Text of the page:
Solar substrate (backsheet): application and purpose
A solar backsheet is the last layer at the solar PV panel and is typically made of a polymer or a combination of polymers
Solar substrate (backsheet)
The purpose of photovoltaic (PV) backsheet is to protect the backside of the solar module from the effects of weather conditions and to mitigate any electric shock hazards. The backsheet consists of multiple layers of barrier films and adhesives. The construction of the backsheet is instrumental in protecting the solar cells from different environmental conditions like moisture, UV exposure and other performance threats while also improving solar module efficiency by aiding the reduction of partial discharge. To accomplish this, the solar panel material should be of a robust construction, typically a three layer laminate, and possess high dielectric properties.
Backsheets are typically based on polymer materials and have multi-layer construction, with a weather resistant outer layer, a core layer which is electrically insulating, and an adhesive inner layer. The outer layer is most commonly based on a fluoropolymer, such as PVF (polyvinyl fluoride). Yet, the growing need to reduce cost while maintain or extend backsheet service lifetime has led to the development of new PV backsheets, like those based on non-fluoropolymer outer layers. Some of these newer backsheet materials are based on polyamides (PA) or polyesters (for example PET (polyethylene terephthalate) or PEN (polyethylene naphthalate) among others.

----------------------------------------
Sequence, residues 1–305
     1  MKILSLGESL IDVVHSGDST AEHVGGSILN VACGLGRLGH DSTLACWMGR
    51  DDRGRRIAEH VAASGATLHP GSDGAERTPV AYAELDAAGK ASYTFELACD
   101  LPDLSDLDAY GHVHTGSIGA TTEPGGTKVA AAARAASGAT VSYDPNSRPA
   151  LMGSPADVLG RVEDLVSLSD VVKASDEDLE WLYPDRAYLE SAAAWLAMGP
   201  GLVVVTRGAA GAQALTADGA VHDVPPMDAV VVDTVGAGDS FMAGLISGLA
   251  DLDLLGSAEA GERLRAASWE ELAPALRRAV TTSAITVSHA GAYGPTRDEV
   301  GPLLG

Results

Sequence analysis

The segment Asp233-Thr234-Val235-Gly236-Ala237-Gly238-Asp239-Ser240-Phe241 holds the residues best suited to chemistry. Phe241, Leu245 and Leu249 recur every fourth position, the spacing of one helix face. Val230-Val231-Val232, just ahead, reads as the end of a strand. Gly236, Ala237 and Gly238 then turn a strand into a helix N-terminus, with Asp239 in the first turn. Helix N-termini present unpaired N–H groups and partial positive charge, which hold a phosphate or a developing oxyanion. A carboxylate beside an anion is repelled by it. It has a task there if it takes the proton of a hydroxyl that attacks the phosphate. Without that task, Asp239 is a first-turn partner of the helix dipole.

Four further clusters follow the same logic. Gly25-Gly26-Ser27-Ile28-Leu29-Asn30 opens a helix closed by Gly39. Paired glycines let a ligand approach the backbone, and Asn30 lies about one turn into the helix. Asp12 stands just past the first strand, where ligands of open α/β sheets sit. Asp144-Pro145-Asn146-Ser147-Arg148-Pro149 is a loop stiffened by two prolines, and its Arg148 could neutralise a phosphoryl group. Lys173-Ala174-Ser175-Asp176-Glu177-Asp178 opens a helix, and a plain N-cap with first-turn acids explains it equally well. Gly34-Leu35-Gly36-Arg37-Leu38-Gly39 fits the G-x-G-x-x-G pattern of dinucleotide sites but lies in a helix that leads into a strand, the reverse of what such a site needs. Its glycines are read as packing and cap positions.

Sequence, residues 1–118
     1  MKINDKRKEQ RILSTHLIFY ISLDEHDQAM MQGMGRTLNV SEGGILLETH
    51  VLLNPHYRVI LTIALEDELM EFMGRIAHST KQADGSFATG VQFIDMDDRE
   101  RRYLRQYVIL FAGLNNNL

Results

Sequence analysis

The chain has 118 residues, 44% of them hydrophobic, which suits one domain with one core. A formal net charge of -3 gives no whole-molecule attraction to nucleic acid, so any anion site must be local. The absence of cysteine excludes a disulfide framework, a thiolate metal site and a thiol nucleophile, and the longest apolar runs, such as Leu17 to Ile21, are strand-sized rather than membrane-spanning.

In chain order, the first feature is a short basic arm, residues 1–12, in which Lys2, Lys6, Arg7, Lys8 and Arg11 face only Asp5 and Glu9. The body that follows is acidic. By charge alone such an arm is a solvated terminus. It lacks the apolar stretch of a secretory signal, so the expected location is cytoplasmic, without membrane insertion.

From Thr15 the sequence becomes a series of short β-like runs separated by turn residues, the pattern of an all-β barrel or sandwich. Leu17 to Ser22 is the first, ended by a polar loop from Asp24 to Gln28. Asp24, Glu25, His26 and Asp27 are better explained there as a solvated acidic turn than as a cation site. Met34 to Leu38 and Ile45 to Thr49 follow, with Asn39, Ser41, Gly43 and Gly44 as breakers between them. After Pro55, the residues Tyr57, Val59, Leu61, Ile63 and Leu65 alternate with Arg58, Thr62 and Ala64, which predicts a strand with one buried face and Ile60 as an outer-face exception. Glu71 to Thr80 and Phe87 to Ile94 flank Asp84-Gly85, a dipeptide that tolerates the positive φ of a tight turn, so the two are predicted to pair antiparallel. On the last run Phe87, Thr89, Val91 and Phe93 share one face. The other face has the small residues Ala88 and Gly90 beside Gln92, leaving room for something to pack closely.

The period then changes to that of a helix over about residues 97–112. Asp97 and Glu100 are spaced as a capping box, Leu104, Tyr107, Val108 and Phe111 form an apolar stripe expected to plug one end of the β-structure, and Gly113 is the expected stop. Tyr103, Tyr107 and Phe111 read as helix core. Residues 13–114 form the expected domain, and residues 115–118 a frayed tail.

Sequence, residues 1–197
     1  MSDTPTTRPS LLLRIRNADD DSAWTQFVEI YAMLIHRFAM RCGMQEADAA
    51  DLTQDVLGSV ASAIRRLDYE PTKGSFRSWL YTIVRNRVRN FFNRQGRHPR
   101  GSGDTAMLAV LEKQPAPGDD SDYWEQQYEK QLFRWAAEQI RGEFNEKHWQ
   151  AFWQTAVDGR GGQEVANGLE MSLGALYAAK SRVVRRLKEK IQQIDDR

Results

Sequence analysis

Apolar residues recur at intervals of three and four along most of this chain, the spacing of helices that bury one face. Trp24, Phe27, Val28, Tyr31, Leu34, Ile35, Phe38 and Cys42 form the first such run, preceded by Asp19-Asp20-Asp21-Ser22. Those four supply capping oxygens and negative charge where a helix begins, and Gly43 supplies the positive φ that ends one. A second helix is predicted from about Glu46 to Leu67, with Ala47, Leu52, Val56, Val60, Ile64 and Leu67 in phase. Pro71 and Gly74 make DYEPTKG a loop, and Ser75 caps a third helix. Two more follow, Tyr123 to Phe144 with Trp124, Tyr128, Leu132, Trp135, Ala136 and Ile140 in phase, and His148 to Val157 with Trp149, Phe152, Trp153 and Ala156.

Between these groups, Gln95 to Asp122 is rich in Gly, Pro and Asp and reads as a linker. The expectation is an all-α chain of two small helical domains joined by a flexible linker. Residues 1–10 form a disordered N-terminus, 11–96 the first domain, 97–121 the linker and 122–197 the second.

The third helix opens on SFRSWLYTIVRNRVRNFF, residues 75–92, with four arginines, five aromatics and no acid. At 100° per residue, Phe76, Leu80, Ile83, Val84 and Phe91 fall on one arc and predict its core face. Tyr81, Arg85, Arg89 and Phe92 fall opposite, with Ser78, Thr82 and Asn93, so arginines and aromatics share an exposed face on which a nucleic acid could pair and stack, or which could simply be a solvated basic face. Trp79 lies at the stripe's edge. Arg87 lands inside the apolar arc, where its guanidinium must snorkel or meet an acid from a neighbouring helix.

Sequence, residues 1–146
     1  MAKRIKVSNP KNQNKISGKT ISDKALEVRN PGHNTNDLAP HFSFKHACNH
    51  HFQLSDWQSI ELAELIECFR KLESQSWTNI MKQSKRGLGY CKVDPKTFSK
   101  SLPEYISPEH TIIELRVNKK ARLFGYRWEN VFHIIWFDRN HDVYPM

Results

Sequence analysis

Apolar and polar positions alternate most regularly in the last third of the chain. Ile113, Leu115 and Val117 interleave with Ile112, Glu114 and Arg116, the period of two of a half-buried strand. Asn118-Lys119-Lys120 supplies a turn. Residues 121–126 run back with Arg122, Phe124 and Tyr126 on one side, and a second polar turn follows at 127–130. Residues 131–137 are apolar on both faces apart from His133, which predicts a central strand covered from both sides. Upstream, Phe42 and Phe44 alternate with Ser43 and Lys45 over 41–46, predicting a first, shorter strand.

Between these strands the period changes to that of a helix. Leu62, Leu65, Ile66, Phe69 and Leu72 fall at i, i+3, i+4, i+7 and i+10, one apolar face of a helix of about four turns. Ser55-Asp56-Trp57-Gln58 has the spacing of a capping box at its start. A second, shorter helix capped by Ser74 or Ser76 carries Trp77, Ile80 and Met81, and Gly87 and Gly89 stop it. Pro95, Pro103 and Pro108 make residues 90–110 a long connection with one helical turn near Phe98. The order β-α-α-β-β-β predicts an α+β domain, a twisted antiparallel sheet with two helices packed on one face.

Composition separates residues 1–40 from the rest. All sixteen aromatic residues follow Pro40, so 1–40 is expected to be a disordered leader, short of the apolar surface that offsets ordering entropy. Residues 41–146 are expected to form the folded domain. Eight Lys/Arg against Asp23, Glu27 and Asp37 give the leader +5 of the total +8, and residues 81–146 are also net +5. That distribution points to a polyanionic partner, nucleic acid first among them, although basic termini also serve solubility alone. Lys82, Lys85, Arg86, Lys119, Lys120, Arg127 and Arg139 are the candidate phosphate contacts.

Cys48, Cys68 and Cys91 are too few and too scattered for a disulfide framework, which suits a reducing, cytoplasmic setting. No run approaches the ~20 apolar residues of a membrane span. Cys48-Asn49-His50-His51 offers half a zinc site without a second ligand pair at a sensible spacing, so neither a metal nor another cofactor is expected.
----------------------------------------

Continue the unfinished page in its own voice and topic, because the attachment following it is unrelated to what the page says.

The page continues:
The mainstream encapsulant used in the PV industry is based on a random copolymer consisting of about 2/3 polyethylene and 1/3 poly vinyl acetate. It is usually used on the backside of PV modules in spite of the fact that good transmission of light is not necessary. Different layers are used to complement each other, for example EVA has some drawbacks include non ideal mechanical and thermal properties, a high diffusivity for water and poor electrical insulation, so another layer of polyethylene terepthalate (PET) can be typically placed behind the EVA to slow down moisture ingress and provide electrical insulation. Yet, PET is not very UV stable. Because of this, a layer of PVF is then used to help protect the PET.
Other options like EPDM encapsulant films have good electrical insulation properties and good UV stability which enables expensive composite film laminates to be replaced by a single layer which also has a low cost. This allows the replacement of expensive laminate structure by a single layer.